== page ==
There’s no mistaking what Week 1 of the 2019 Philadelphia Eagles season will be remembered for -Carson Wentz and DeSean Jackson. For the returning Wentz (from injury), 313 yards and 3 touchdowns through highlighted his terrific day. For the returning Jackson (to Philadelphia), 154 yards and 2 receiving touchdowns sent South Philadelphia into a frenzy.
Week 2 may not be quite the same.
In the first half, as the entire offense was struggling, the offensive line also struggled to open up any running lanes whatsoever for Jordan Howard, Miles Sanders, and 36-year-old Darren Sproles. In fact, Sproles led the team in carries for most of the game until Sanders received more of a workload late and finished with 11.
This struggle turned by the 4th quarter as Howard and Sanders began to rip off chunks of yards as the Eagles were closing out the game. This sounds like Football 101, but Doug Pederson’s system is truly at its best when multiple running backs are being used early and often and can get in a rhythm. It was evident throughout 2017 with LeGarrette Blount, Jay Ajayi, and Corey Clement, and it was evident late in Sunday’s game. One might think the Eagles can continue this momentum if they could run into (pun intended) an opponent that will concede yards on the ground and allow the offensive line and collection of running backs to have their way.
Enter the Atlanta Falcons.
Plain and simple, The Falcons got steamrolled in Minnesota last week. Atlanta allowed Minnesota’s running backs to gash them for 168 yards on 32 carries for a 5.3 yards-per-carry average. Dalvin Cook led the group with 111 of those yards. Vikings’ QB Kirk Cousins, who finished 4th in the NFL last season in pass attempts in an offense that lacked any balance whatsoever, threw only ten passes. Ten passes all game long. That’s how little his services were needed as the Vikings dominated on the ground. In addition, going back to last season, Atlanta finished 28th in the NFL in yards-per-carry allowed with 4.9.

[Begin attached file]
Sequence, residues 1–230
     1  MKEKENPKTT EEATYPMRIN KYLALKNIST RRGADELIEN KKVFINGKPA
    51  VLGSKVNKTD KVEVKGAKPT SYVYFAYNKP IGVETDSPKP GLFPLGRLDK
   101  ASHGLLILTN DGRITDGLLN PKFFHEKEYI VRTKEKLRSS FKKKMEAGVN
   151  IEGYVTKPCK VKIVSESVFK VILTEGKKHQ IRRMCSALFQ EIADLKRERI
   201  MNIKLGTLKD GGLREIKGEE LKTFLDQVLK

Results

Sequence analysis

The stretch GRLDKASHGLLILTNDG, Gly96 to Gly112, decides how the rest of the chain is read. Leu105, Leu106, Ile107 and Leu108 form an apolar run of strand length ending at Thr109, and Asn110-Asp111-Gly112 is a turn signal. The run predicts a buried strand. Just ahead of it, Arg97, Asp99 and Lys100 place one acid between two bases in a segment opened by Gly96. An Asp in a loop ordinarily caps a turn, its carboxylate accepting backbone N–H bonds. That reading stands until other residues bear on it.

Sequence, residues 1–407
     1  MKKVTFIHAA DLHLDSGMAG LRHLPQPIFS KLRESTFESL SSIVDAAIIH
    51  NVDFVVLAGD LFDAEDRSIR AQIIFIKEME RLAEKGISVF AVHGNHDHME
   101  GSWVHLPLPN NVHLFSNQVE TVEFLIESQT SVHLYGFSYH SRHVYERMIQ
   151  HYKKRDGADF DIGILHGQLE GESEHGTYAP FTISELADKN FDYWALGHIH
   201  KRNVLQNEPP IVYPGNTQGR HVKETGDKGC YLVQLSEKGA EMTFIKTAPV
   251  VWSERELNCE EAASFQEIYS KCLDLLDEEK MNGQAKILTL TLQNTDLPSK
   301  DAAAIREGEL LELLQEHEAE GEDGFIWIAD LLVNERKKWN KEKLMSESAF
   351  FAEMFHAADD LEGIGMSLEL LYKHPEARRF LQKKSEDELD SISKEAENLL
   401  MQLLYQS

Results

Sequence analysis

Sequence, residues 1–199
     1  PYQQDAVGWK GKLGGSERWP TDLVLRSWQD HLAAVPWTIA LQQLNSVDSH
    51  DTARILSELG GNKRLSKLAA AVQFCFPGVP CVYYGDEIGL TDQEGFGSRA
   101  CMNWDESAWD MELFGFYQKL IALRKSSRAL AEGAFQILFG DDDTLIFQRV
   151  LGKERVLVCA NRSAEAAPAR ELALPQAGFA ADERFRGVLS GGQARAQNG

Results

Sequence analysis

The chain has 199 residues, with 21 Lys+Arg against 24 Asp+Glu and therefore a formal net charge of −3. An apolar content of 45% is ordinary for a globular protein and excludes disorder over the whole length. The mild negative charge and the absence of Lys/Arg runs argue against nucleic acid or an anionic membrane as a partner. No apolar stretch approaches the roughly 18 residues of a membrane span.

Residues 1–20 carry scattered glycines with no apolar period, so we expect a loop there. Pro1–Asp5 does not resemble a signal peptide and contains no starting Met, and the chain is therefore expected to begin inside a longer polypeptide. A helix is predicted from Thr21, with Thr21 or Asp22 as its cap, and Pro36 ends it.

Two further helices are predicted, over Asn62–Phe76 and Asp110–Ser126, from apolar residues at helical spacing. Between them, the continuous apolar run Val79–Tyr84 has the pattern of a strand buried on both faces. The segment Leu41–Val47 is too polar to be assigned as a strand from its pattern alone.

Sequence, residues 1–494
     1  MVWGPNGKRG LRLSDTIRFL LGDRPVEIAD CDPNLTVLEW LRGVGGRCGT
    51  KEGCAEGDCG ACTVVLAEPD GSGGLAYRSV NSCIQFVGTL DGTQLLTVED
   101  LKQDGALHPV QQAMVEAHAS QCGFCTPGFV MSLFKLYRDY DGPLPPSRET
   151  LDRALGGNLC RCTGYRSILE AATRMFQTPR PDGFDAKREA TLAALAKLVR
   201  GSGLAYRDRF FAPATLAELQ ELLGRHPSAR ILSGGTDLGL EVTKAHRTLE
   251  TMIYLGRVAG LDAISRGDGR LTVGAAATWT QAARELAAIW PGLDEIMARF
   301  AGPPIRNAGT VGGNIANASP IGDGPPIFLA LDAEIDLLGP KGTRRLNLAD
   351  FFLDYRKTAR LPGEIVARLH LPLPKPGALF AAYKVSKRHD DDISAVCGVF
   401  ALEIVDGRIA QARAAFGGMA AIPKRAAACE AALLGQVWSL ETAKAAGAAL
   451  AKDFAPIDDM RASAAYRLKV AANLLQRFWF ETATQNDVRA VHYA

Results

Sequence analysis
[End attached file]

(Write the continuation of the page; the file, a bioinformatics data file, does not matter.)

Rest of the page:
There’s not much to overthink here. The Falcons are incredibly vulnerable vs. the run and have been for some time. Jordan Howard flashed power and vision late in Sunday’s game. Miles Sanders flashed explosiveness and elusiveness. The Eagles offensive line should be able to dominate this game in the trenches. The Eagles can’t afford to only give Howard 6 carries, or Sanders just 11, and make Carson Wentz drop back 40+ times on the road. If Pederson commits to the run, either Sanders or Howard can easily go over 100 yards rushing in this game and, with Sproles and even Corey Clement mixed in, the Eagles can easily reach the 150-200 yard range as a team as Minnesota did.
Week 1 was all about Carson Wentz, DeSean Jackson, and the Eagles’ electrifying passing game. Week 2 needs to be the game Jordan Howard and Miles Sanders announce themselves to the league. Going on the road, on Sunday Night Football, in the Falcons’ home opener, a good way to suck the life out of the crowd and the Atlanta defense is to do exactly what Minnesota did. It’s not a difficult recipe to follow.
It is entirely possible as the season goes on that the Eagles lean on Wentz and the passing attack to carry their offense, as they should. However, the recipe for Sunday Night in Atlanta is far too obvious. If the Eagles are standing tall at the end of the game, there’s a good chance that the national audience was both reminded who Jordan Howard is and introduced to who Miles Sanders is.